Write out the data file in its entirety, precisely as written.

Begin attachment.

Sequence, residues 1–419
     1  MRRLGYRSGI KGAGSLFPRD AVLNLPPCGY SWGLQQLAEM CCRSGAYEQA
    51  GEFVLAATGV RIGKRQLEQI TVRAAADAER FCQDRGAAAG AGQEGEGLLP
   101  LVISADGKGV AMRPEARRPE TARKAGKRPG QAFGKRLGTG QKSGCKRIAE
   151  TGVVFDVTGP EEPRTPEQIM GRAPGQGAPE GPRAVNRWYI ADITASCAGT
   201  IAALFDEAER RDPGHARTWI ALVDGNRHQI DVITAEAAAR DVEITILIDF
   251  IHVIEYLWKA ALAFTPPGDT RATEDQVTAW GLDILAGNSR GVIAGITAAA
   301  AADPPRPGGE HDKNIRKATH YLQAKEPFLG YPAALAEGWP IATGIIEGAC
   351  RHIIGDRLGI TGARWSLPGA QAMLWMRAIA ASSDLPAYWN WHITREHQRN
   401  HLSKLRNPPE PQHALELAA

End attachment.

Sequence, residues 1–419
     1  MRRLGYRSGI KGAGSLFPRD AVLNLPPCGY SWGLQQLAEM CCRSGAYEQA
    51  GEFVLAATGV RIGKRQLEQI TVRAAADAER FCQDRGAAAG AGQEGEGLLP
   101  LVISADGKGV AMRPEARRPE TARKAGKRPG QAFGKRLGTG QKSGCKRIAE
   151  TGVVFDVTGP EEPRTPEQIM GRAPGQGAPE GPRAVNRWYI ADITASCAGT
   201  IAALFDEAER RDPGHARTWI ALVDGNRHQI DVITAEAAAR DVEITILIDF
   251  IHVIEYLWKA ALAFTPPGDT RATEDQVTAW GLDILAGNSR GVIAGITAAA
   301  AADPPRPGGE HDKNIRKATH YLQAKEPFLG YPAALAEGWP IATGIIEGAC
   351  RHIIGDRLGI TGARWSLPGA QAMLWMRAIA ASSDLPAYWN WHITREHQRN
   401  HLSKLRNPPE PQHALELAA